Current Bookgroup reads:

  • Boekgrrls September book: Away, by Amy Bloom (read and reviewed in Dutch on the mailing list)
  • Boekgrrls October book: Revolutionary Road, by Richard Yates (read, to be reviewed)
  • Japanese Literature Book Group for November 30th: The Old Capital, by Yasunari Kawabata (TBR)
  • Japanese Literature Read-along for November 15th: I Am A Cat (part I), by Natsume Soseki (TBR)

That’s it for now. I need to get up my review of Harper Lee’s To Kill a Mockingbird a.s.a.p. so that I can send this Bookcrossing book along to the next reader. Better get on with it!

As expected I did not reach the goal of reading 24 hours in a week, but I did accomplish my own target of 12! ‘Half-a-readathon’, as another Bookcrosser put it. I even surpassed it a little, with an end total of 15 hours and 8 minutes. And it has been fun! So I will probably join in again, maybe even in the Spooky Booky October Readathon. If I have any reading energy left after the full time 24 hour read-a-thon in the weekend of October 24th, that is…

Anyway, it is a GREAT surprise that I have won the monthly readathon prize! I’ll keep an anxious eye on my mailbox to see what wishlist book chucklethescot has sent me!

Banned Books Week posterWhat I liked best about the readathon is that I used any free minute to try and read. I started fresh with Revolutionary Road and finished it in only a few days! After that I picked up a book fitting Banned Books Week (The Grapes of Wrath by Steinbeck) and I got 1/5th read of it already. Sometimes it takes me a while to get into a book because I read too little, but I had no problem with that now ;) Both books by Steinbeck and Yates are part of this years Classics Challenge (among others), so the readathon also gave me quite a push ahead at that!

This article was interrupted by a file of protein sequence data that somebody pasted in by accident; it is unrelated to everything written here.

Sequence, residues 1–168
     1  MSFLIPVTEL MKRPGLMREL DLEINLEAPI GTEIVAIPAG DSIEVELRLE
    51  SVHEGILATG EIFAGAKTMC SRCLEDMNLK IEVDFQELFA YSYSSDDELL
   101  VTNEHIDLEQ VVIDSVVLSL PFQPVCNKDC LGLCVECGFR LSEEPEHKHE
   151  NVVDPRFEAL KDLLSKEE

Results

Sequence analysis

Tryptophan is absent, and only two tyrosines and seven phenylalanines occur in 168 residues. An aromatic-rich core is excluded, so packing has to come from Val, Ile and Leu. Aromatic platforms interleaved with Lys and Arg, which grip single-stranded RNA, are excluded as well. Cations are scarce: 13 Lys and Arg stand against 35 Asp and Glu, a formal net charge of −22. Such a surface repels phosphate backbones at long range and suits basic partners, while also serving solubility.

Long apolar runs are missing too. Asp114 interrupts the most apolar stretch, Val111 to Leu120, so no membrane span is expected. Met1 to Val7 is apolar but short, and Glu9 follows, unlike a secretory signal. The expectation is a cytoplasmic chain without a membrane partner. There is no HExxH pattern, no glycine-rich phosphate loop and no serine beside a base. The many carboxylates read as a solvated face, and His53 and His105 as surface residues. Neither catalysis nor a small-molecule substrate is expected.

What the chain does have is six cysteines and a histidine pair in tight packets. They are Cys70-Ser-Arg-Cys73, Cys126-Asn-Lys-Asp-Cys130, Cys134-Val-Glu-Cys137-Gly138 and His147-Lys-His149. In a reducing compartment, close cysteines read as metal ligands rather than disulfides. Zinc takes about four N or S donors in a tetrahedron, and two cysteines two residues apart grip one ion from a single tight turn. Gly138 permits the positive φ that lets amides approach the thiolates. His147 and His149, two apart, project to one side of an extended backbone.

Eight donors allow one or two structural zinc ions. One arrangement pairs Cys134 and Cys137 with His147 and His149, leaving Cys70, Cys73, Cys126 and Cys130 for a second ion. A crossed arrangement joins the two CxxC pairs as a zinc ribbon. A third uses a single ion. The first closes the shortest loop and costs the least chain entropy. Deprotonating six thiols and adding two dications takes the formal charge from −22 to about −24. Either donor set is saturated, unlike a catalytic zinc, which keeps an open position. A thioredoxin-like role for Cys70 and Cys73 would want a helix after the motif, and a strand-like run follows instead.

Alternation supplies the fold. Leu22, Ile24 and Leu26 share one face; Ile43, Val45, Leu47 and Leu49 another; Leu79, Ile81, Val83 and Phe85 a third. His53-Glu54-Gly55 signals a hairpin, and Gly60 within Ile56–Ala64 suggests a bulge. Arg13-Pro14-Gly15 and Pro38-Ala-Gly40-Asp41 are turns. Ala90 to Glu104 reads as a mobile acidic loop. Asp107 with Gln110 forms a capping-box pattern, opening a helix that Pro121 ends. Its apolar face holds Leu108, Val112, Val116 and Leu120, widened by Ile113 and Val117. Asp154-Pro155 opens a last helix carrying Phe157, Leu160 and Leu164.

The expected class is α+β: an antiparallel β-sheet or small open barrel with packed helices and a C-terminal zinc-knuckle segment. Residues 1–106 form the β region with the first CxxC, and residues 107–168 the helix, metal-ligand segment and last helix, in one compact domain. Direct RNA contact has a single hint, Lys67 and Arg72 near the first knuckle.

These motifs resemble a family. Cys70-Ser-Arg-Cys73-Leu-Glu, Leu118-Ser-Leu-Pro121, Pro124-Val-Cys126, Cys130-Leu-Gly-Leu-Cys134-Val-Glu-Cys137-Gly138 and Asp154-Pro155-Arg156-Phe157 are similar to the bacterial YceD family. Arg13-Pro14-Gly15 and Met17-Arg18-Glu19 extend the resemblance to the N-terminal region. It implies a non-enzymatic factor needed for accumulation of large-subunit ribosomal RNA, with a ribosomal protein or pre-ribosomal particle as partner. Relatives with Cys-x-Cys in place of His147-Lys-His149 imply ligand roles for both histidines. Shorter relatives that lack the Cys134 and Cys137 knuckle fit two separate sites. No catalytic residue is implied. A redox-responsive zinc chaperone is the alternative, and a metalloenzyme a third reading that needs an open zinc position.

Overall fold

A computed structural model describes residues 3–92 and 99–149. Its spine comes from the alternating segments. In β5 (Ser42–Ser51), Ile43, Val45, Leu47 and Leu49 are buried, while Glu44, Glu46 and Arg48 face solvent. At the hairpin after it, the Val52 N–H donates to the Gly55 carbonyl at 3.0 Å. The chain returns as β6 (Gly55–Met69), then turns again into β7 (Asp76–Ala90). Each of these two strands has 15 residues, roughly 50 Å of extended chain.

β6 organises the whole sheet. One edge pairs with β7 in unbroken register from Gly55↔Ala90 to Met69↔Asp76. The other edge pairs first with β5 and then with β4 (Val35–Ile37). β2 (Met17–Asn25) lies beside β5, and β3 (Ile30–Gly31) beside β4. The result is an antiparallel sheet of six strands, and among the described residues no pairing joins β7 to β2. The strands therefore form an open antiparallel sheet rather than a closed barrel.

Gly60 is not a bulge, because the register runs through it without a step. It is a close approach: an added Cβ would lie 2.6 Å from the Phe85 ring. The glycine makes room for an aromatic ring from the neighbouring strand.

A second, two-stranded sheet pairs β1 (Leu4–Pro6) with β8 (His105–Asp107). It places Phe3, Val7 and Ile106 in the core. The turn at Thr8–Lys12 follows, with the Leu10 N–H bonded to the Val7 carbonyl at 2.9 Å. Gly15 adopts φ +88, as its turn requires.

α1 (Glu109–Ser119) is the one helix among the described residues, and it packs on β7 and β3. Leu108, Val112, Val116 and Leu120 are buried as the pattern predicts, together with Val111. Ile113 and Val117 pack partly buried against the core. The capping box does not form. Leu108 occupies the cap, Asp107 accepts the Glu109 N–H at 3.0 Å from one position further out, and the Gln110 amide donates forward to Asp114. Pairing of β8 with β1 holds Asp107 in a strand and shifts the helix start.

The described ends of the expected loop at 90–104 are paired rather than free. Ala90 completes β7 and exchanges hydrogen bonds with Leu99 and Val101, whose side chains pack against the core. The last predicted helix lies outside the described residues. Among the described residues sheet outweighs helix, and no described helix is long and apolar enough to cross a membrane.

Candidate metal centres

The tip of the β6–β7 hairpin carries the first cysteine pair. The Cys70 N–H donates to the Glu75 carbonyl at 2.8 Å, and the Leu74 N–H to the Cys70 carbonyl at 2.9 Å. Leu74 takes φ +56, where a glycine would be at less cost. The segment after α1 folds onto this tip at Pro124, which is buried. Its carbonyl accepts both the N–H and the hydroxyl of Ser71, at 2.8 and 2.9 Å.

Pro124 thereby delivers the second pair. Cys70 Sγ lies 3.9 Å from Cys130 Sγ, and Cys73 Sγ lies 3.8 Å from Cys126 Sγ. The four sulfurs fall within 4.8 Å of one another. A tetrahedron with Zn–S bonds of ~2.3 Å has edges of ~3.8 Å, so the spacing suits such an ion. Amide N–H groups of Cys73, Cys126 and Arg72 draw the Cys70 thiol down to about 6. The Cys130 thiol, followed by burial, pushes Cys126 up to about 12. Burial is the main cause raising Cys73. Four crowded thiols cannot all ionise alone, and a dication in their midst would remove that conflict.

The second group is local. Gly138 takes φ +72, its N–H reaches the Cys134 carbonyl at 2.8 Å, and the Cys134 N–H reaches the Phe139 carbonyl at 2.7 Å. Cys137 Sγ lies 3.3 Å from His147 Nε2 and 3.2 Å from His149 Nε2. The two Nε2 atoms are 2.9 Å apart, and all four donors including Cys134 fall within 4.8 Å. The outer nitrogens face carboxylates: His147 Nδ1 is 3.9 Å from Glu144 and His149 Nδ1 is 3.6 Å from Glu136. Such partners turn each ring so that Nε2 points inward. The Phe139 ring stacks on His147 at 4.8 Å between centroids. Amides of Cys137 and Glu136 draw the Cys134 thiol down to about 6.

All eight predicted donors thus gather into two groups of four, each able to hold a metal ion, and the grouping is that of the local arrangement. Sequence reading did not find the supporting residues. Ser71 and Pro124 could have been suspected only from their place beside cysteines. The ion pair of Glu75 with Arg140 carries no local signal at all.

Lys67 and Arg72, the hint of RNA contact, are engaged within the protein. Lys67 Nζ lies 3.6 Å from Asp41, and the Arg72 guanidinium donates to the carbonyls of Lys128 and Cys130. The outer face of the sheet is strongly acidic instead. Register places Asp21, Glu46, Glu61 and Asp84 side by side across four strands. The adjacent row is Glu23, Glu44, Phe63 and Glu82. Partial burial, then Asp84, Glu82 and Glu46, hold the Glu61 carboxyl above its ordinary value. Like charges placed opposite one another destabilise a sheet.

On the other hand… what I liked less about the readathon is that I didn’t get to do other stuff, like review books (or take enough time to think them over) or make bento’s for lunch. That gave me a feeling of being behind… But it was only for a week and I’ll be able to catch up now! But it is something to consider next time I join in.

With only one more day to go in the Bookcrossing September Readathon, I have read for 13 hours and 37 minutes. No way I am going to reach the target of 24 hours, but I was going to be proud at myself if I would make 12 hours — and I’ve gotten that far one and a half hours back! :))

More good news is that I (started and) finished a book during the readathon: Revolutionary Road, by Richard Yates. And it was a great read!!! You’ll have to wait a while for a review because first I’ve got to try my hand at To Kill a Mockingbird.